by Adrian Warner
BBC London 2012 Olympics correspondent
At the end of every Olympics, the next host city gets a chance to preview the following Games with an eight-minute show at the closing ceremony.
So on August 24 in Beijing, the Olympic flag will be handed to London Mayor Boris Johnson and 2012 organisers will put on a show which is supposed to tell the world what London is all about.
"You thought the logo was controversial? Just wait until Brits watch those eight minutes"Olympic expert
As one Olympic expert told me the other day: "You thought the logo was controversial? Just wait until Brits watch those eight minutes."
At the Atlanta Games in 1996, Sydney got into all sorts of trouble in Australia when they sent out a team of inflatable kangaroos on push bikes. Australians felt their country had far more to offer to the world than that."
So what is Britain going to do in Beijing? We do know that a traditional London red bus is heading out to China to take part and that the performance will include the urban dance group Zoo Nation, the Royal Ballet and Candoco, a disabled dance group.
There's been loads of speculation about the stars who will be involved - from David Beckham and the Spice Girls to Robbie Williams. But I'm told no major celebrity has signed on the dotted line yet.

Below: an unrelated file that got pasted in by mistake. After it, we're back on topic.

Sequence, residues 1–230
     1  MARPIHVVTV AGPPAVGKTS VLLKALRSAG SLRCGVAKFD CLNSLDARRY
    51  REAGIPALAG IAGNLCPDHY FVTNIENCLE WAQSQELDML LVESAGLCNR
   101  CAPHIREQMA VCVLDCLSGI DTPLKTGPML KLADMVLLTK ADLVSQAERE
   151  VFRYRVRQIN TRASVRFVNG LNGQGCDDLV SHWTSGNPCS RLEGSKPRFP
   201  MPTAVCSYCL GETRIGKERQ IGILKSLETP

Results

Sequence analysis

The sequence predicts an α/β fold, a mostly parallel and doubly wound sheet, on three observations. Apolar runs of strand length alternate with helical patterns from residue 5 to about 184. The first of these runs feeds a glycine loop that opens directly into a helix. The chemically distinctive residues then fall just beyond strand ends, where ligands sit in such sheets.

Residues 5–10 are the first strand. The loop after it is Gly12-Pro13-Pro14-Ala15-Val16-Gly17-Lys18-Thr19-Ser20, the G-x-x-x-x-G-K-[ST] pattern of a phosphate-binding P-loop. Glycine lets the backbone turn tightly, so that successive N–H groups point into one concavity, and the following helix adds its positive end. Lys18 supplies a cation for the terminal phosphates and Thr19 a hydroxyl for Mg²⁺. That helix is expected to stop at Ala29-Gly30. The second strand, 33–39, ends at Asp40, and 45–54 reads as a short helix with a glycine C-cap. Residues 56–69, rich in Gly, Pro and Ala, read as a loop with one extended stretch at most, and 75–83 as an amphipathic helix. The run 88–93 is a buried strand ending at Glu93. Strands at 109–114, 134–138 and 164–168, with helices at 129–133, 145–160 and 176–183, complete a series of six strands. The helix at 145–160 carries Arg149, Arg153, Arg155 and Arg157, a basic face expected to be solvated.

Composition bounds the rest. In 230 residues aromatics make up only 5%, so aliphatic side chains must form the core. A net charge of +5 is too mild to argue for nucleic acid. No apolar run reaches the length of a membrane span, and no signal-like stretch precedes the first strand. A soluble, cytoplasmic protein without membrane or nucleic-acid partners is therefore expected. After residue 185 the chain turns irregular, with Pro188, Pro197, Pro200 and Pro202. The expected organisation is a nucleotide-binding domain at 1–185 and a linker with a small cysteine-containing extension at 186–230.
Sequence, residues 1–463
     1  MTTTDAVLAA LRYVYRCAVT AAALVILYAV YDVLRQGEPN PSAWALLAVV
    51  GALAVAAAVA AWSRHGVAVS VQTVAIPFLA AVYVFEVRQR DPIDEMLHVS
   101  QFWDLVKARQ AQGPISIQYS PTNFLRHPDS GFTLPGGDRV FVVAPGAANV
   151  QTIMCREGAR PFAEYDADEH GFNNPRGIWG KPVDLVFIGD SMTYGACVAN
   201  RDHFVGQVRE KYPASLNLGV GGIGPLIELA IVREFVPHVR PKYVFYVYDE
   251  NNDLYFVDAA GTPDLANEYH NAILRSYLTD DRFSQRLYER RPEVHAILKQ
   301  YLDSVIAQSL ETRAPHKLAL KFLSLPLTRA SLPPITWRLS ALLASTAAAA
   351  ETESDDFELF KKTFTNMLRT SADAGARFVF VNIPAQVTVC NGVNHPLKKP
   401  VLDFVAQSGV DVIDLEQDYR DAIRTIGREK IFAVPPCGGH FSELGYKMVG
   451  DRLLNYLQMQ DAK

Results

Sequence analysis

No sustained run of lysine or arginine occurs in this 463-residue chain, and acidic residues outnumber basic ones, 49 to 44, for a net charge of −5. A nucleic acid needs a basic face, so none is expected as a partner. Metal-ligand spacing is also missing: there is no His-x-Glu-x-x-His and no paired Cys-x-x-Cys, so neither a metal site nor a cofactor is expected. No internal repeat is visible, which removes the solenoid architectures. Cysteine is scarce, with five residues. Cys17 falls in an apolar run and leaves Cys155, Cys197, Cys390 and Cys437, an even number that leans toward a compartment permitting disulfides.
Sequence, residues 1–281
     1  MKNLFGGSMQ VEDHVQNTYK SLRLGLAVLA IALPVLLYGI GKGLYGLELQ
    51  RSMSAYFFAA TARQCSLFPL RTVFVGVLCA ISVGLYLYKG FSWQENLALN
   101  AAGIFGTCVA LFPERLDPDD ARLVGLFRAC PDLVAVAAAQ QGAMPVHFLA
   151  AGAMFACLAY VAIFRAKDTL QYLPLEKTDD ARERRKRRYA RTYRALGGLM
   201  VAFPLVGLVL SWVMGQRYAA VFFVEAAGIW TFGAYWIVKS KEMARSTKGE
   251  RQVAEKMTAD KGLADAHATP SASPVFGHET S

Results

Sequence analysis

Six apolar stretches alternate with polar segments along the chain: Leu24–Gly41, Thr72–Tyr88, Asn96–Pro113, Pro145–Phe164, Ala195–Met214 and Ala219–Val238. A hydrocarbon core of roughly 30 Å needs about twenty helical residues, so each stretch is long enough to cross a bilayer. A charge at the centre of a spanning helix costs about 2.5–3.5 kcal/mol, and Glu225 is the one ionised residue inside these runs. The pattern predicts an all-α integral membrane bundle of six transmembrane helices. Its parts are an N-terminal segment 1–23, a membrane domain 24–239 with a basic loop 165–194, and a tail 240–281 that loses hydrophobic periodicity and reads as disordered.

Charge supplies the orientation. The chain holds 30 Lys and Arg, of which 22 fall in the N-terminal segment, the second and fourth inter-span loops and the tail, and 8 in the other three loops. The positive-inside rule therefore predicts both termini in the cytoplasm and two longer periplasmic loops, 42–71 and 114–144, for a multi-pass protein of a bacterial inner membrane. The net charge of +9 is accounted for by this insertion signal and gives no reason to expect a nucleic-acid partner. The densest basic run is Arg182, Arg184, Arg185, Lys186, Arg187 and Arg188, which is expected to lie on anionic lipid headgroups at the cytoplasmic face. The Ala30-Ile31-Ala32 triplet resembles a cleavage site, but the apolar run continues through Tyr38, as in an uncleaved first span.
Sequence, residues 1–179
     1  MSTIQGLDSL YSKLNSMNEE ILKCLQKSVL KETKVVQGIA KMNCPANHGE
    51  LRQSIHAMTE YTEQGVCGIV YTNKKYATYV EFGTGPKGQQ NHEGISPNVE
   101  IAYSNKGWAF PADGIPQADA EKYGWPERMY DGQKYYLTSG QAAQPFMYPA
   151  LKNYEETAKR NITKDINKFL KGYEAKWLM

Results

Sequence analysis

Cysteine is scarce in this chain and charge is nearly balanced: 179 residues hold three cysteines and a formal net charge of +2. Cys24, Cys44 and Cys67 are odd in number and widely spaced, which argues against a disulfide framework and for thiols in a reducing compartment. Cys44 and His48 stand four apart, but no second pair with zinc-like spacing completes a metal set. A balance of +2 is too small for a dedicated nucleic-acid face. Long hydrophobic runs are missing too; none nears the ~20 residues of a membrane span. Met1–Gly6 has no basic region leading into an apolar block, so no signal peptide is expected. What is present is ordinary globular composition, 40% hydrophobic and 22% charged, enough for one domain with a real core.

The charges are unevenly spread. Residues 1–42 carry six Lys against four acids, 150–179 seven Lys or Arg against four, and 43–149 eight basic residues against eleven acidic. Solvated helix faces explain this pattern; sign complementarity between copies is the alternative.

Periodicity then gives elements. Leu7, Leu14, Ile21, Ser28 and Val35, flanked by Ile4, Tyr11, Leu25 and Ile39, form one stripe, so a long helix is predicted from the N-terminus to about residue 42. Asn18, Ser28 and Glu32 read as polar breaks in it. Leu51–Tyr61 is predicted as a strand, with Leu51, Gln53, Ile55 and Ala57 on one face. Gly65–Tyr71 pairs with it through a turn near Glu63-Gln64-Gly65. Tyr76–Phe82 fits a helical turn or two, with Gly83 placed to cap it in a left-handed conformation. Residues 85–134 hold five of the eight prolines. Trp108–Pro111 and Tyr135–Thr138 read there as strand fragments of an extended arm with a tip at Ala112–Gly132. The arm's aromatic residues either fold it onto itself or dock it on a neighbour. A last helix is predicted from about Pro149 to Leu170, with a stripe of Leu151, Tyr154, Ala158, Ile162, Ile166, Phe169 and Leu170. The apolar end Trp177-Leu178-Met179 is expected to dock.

I understand, however, that humour will be a key part of the show -- in stark contrast to what is expected to be a spectacular but traditional Chinese ending to the Games.
London 2012 say they have another "big idea". What do you think it should be? Is Britain about red buses and urban dance groups? What should we be telling the world? Like the logo, it's a tough decision.
Go too traditional with red buses and black cabs and you'll be accused of looking back to the past. Put on too much urban dance stuff and people won't see the London connection.
I reckon we can expect a row as big as the logo when London 2012 took a risk with an unusual design which was heavily criticised.
This is a big moment for London 2012. The ceremony, which will take place at around lunchtime UK time, will be broadcast live on big screens up and down the country, including at five sites in London alone.
It will be followed by a concert in front of Buckingham Palace for around 40,000 people. London 2012 are promising big names on the Mall.
That concert is free and you can apply for tickets on london2012.com.
The big idea seems to be: "Come to London and party".